Moreover, it appears none of these Raptors (on the second stage) are the same as those on the first  smaller nozzles all around on stage one.

Offline Robotbeat

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Re: ITS Propulsion The evolution of the SpaceX Raptor engine
« Reply #54 on: 10/04/2016 01:20 AM »
SpaceX have not provided a formal ISP value for the first stage Raptors in vacuum, though Baldusi's math seems fair enough.
http://www.spacex.com/sites/spacex/files/mars_presentation.pdf
Page 36 gives the vacuum Isp for the SL Raptors.

Actually, that page purports to give the Isp for three sea level Raptors, then the Isp for six vacuum Raptors, all of which belong to the second stage. What exactly this means is the discussion at hand.

Moreover, it appears none of these Raptors (on the second stage) are the same as those on the first smaller nozzles all around on stage one.
Honestly, the discussion is silly. Try running RPA Lite, and the only way to make any sense of what was given is the simplest explanation:
382s is for vac-optimized Raptor at vacuum.
~360s is for sl-optimized Raptor at vacuum.
332s is for sl-optimized Raptor at sea level.

Let's not over-complicate it because the diagram may show slight /apparent differences in nozzle size. Occam's Razor.
Chris  Whoever loves correction loves knowledge, but he who hates reproof is stupid.

To the maximum extent practicable, the Federal Government shall plan missions to accommodate the space transportation services capabilities of United States commercial providers. US law http://goo.gl/YZYNt0

Offline dglow

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Re: ITS Propulsion The evolution of the SpaceX Raptor engine
« Reply #55 on: 10/04/2016 01:28 AM »
SpaceX have not provided a formal ISP value for the first stage Raptors in vacuum, though Baldusi's math seems fair enough.
http://www.spacex.com/sites/spacex/files/mars_presentation.pdf
Page 36 gives the vacuum Isp for the SL Raptors.

Actually, that page purports to give the Isp for three sea level Raptors, then the Isp for six vacuum Raptors, all of which belong to the second stage. What exactly this means is the discussion at hand.

Moreover, it appears none of these Raptors (on the second stage) are the same as those on the first smaller nozzles all around on stage one.
Honestly, the discussion is silly. Try running RPA Lite, and the only way to make any sense of what was given is the simplest explanation:
382s is for vac-optimized Raptor at vacuum.
~360s is for sl-optimized Raptor at vacuum.
332s is for sl-optimized Raptor at sea level.

Let's not over-complicate it because the diagram may show slight /apparent differences in nozzle size. Occam's Razor.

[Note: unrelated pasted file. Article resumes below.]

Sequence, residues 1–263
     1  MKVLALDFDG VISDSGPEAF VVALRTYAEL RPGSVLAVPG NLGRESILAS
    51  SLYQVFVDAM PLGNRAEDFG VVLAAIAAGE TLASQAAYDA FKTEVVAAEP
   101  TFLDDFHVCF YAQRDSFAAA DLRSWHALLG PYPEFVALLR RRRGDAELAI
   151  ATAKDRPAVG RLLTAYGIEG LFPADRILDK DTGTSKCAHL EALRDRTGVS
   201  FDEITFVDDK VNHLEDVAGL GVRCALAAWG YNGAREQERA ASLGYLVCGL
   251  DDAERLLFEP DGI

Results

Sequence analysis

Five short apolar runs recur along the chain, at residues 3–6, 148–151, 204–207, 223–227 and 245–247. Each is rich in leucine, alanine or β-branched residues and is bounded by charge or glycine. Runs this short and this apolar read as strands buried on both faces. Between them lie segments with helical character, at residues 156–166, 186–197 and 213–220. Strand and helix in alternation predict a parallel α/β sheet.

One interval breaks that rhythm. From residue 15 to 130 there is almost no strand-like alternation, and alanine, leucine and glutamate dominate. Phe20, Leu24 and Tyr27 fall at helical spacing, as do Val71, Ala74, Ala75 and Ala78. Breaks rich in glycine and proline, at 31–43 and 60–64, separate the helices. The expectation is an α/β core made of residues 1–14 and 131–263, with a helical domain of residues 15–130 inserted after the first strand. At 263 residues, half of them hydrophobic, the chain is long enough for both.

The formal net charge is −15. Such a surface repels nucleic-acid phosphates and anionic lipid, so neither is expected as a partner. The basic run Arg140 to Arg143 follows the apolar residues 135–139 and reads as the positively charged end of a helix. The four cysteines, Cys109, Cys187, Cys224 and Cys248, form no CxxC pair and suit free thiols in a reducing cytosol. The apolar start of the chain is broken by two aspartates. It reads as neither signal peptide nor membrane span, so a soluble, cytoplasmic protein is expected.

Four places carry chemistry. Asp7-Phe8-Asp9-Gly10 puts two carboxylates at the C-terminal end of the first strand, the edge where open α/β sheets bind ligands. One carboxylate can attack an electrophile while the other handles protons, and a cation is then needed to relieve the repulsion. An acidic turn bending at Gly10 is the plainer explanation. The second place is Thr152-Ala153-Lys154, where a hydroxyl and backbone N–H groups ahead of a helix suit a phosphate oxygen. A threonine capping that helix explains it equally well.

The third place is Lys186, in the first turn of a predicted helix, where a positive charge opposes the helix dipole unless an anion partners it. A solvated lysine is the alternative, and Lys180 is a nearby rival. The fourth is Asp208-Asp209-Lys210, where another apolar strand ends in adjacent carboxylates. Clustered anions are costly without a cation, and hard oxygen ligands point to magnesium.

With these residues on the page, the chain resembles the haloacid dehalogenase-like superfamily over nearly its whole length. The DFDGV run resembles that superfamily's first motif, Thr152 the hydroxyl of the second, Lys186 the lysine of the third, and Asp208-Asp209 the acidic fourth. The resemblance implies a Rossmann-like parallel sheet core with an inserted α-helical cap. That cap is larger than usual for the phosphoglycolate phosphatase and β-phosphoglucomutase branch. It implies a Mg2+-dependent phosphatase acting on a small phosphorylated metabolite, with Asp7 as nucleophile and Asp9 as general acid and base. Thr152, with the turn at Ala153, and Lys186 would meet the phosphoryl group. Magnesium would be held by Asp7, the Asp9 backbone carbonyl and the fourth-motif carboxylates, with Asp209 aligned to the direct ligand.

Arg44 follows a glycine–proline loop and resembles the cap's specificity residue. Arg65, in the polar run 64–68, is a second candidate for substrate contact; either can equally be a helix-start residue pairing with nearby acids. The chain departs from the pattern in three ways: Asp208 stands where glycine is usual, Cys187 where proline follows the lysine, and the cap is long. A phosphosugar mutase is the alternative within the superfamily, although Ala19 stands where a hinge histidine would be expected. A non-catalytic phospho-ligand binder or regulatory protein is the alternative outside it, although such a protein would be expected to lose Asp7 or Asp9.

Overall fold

CAD files, according to Musk... > 'a diagram'.
We're working with what we've been given.
Goodness knows many on this board have worked with less.

I don't care about the first stage vacuum Isp value; Baldusi convinced me on that.
But SpaceX have shown us three different nozzle sizes, a detail I hope you'll agree is relevant here.

Offline Dante80

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Re: ITS Propulsion The evolution of the SpaceX Raptor engine
« Reply #56 on: 10/04/2016 01:30 AM »
Here is how I view this.

1. There is one Raptor engine.
2. It has three different nozzles. 40:1, 50:1 and 200:1
3. The smallest 40:1 nozzle is for booster engines (so as to fit). The SL Isp is 334s and the Vac Isp is unknown (around 360s would be a good guess).
4. The 50:1 nozzle is for the spaceship/tanker landing engines. The Vac Isp is 361s, and the SL Isp is unknown (around 335s would be a good bet).
5. The 200:1 nozzle is for the spaceship/tanker vacuum engines. The Vac Isp is 382s and the SL Isp (if those engines are used for abort) is unknown.
6. The CAD Raptor image that SpaceX gave us was for the booster 40:1 sea level Raptor.
« Last Edit: 10/04/2016 01:32 AM by Dante80 »

Offline Elmar Moelzer

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Re: ITS Propulsion The evolution of the SpaceX Raptor engine
« Reply #57 on: 10/04/2016 01:47 AM »
382s is for vac-optimized Raptor at vacuum.
~360s is for sl-optimized Raptor at vacuum.
332s is for sl-optimized Raptor at sea level.
I agree! Giving anything but the vacuum Isp for a second stage engine makes no sense.

Offline dglow

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Re: ITS Propulsion The evolution of the SpaceX Raptor engine
« Reply #58 on: 10/04/2016 01:53 AM »
382s is for vac-optimized Raptor at vacuum.
~360s is for sl-optimized Raptor at vacuum.
332s is for sl-optimized Raptor at sea level.
I agree! Giving anything but the vacuum Isp for a second stage engine makes no sense.

...correct. Except this second stage returns to and lands on Earth.  :)

Offline FutureSpaceTourist

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Re: ITS Propulsion The evolution of the SpaceX Raptor engine
« Reply #59 on: 10/04/2016 03:01 AM »
Let me add my congratulations and thanks for a great article. Very educational for an engine tech novice like me!

How was it determined that this was a 1MN 1/3 scale engine?
I didn't see it any forum posts.
Didn't see it in any an announcement.

I was wondering about this too and haven't seen any posts (including in L2), although the forum has been a bit busy of late!